Do Not Call Me Maybe (But You May Text Me)

Perhaps it is my cultural background that prevents me from voluntarily picking up the ringing phone. After all Finland, the country famous for its introverts, was the first to introduce text messaging as an alternative for phone calling. There is, however, a reason for me to suspect that my phobia for phone calls isn’t only explained by my cultural heritage and instead the problem may lie in my demographic.

Compared to text messaging, phone calling has certain disadvantages. Unlike calling, texting allows the person some time to formulate and edit his message. It also doesn’t require the caller and the receiver to be simultaneously in favourable circumstances; the both should have to be able be in a place where calls are allowed and the volume should be enough quiet for them to be able to hear each other without problem. Additionally, both phones should have a relatively good reception.

Then again, calling can be cheaper and more profitable if the caller needs an immediate answer. Instead of ending the conversation within minutes, the texting discourse may last even a couple of days. Many people enjoy the social interaction provided by calling as it allows the caller to hear the voice of the recipient and the real-time conversation lets the language flow more naturally (in some cases).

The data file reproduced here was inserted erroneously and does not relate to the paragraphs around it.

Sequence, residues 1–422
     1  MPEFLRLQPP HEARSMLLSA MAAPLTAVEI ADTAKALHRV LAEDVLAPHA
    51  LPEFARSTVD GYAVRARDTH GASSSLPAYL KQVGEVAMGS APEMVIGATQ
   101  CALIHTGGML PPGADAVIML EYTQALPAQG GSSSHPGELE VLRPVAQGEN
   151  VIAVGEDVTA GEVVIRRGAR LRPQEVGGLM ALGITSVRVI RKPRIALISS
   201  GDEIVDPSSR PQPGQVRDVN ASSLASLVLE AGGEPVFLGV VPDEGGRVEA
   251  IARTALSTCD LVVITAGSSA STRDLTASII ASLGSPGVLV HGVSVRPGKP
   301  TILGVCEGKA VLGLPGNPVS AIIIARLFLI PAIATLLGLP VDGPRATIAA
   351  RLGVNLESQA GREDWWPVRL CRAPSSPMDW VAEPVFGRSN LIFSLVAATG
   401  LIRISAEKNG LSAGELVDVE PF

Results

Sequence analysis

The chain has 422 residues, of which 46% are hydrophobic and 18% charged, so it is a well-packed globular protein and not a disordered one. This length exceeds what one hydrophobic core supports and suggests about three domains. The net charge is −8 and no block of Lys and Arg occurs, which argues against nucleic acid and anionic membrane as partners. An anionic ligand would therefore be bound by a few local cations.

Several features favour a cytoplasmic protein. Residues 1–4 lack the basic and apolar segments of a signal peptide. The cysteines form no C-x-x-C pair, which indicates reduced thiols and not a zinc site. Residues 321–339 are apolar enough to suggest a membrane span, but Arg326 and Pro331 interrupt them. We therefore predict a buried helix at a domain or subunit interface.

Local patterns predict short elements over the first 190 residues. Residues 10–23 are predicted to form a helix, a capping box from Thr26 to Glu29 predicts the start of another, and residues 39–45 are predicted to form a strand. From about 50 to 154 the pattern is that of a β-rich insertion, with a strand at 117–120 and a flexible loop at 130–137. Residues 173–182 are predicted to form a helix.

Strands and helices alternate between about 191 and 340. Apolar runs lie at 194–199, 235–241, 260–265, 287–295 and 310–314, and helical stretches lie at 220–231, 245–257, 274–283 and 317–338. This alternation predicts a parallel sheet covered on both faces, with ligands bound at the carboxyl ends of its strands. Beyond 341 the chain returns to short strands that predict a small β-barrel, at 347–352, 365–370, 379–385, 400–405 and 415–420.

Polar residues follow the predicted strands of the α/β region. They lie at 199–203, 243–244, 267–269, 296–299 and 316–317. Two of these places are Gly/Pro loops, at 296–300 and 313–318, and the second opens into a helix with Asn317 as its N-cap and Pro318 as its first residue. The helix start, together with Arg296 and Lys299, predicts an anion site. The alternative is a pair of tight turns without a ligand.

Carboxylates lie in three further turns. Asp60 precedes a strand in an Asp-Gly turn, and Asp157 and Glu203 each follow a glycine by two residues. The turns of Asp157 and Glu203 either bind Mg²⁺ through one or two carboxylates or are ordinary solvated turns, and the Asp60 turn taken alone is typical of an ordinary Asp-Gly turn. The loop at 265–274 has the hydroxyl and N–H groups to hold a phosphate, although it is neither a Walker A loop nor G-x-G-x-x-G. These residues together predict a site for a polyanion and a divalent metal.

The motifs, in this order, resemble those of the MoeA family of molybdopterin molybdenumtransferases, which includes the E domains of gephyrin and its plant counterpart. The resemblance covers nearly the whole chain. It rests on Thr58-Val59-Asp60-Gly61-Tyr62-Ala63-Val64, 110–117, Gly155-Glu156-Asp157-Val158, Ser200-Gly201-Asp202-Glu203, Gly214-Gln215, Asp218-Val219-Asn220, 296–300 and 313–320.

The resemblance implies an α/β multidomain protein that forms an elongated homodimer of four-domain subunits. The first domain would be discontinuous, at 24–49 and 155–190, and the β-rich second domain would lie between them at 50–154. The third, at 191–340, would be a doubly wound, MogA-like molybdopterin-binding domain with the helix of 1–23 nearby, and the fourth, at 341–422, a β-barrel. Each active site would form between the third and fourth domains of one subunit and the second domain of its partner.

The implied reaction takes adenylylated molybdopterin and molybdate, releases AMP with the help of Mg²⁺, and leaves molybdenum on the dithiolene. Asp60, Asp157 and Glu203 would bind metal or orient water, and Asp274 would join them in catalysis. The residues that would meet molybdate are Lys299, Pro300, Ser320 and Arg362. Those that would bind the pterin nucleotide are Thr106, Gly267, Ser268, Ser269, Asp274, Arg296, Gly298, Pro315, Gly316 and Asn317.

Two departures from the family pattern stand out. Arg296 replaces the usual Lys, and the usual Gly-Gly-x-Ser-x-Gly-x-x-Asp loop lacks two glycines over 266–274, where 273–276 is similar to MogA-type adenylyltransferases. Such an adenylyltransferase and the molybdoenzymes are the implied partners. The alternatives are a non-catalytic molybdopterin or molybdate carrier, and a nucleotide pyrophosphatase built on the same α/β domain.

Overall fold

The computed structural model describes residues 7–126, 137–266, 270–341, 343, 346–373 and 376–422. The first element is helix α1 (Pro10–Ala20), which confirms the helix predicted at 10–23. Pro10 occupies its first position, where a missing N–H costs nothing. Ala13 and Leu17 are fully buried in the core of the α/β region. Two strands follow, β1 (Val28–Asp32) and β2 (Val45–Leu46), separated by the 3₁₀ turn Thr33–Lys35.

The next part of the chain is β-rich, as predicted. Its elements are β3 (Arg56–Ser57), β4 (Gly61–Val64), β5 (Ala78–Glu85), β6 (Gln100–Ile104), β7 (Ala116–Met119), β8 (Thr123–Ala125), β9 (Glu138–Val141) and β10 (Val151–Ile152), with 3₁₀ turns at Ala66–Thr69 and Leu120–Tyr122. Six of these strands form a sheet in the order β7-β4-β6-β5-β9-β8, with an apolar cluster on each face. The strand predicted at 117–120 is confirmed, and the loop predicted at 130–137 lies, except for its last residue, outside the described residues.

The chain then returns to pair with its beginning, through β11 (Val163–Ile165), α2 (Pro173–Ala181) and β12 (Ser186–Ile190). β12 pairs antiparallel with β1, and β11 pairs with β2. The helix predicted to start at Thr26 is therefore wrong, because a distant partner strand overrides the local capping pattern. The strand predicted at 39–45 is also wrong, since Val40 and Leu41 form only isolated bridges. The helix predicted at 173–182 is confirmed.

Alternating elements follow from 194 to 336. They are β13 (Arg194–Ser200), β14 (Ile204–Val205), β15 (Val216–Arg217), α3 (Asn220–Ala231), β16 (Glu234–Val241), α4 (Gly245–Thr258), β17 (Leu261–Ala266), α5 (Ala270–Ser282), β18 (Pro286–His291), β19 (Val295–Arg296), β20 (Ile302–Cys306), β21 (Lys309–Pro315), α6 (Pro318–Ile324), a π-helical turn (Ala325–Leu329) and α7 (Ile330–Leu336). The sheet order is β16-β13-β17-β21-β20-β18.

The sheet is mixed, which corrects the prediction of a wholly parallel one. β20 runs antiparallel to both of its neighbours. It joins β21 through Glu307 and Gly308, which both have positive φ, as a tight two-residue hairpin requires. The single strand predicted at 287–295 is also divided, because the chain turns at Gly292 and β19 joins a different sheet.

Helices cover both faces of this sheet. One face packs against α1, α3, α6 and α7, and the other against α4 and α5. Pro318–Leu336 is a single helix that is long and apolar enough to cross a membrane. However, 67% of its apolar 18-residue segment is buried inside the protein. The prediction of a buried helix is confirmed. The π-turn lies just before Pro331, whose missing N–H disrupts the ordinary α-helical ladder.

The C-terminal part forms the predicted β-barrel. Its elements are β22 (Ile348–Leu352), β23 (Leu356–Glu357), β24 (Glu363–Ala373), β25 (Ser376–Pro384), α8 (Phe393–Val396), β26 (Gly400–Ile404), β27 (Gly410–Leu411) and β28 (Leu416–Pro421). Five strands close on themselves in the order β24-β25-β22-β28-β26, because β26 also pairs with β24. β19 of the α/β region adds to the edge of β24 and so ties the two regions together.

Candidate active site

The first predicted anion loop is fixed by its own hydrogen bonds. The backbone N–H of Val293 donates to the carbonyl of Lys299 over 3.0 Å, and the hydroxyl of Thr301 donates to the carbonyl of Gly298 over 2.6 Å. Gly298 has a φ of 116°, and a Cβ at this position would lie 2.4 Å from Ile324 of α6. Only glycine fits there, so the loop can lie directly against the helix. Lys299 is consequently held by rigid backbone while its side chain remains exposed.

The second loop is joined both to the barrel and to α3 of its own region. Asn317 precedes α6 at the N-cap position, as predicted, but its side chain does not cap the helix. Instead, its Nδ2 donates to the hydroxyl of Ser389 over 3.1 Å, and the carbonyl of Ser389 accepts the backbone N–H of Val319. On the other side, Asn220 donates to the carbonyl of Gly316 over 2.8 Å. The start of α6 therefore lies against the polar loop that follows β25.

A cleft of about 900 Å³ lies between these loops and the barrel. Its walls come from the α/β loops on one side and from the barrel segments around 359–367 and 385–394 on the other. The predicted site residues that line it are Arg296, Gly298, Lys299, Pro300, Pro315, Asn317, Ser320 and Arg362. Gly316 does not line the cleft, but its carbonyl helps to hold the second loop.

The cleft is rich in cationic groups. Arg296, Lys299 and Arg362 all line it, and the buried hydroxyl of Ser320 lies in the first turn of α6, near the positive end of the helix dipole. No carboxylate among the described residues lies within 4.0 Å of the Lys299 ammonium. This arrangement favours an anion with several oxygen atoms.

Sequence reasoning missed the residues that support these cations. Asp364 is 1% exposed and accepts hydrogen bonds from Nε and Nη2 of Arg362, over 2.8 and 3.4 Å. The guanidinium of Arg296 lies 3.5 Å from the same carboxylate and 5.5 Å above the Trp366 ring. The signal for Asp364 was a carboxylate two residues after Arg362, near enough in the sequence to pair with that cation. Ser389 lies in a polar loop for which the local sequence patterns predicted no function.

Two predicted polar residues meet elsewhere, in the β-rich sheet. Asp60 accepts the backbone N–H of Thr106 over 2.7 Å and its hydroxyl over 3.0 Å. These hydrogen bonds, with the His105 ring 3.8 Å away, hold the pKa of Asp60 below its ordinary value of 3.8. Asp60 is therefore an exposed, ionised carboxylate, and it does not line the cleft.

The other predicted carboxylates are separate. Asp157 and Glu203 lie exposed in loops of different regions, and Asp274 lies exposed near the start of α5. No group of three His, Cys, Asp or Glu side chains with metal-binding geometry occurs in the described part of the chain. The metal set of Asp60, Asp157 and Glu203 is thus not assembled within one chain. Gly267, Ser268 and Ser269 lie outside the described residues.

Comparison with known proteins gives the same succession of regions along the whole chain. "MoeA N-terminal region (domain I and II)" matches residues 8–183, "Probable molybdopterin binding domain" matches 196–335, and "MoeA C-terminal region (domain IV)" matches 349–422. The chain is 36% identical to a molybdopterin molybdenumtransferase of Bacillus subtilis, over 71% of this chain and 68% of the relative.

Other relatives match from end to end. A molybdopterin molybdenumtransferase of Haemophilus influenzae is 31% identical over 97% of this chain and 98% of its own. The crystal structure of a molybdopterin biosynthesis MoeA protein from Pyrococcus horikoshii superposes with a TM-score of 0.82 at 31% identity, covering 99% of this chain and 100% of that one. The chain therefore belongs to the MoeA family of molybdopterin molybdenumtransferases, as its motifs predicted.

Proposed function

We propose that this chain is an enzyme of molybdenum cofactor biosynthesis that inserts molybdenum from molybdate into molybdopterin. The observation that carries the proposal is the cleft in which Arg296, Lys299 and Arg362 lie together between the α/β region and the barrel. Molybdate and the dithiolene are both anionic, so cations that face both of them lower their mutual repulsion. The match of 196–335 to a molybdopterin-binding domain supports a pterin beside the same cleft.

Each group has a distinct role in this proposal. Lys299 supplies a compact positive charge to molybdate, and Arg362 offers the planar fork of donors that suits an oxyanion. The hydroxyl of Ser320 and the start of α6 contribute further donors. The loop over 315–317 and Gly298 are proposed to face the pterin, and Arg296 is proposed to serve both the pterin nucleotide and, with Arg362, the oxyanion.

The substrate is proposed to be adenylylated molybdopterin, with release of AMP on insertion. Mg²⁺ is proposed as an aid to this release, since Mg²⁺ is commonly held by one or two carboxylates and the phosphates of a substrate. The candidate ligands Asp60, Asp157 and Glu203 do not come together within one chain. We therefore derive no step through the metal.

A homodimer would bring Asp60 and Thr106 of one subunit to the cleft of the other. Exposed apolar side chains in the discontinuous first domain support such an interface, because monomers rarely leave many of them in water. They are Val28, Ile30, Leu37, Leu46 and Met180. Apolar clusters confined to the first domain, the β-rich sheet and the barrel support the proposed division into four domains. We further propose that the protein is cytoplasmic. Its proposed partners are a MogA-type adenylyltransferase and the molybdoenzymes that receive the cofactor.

The polls (like this one from Time from 2012) reveal what many may have suspected: the youth text more than the old. Unfortunately these polls say little or nothing about the amount of texting in relation to calling. But it appears I’m not the only one displaying utter dislike for a ringing device. Whenever I explain my problem I’m often not confronted with sympathy but empathy. Apparently the fear for picking up the phone is spreading like a pandemic.

What is it about calling that the youth hate and fear so much? With everyone always texting it is possibly easy to narrow down the caller’s identity. Nowadays the only people from whom one might expect a call are salesmen or people with matters of importance to discuss. Either way it’s never someone with a cake. Perhaps I, along with hundreds of others, have learnt to associate calls with deceptive money-grabbers and not with the long-sighted, chubby-fingered grandmas, who might actually have cake.


This work is licensed under a Creative Commons Attribution-NonCommercial-ShareAlike 4.0 International License.


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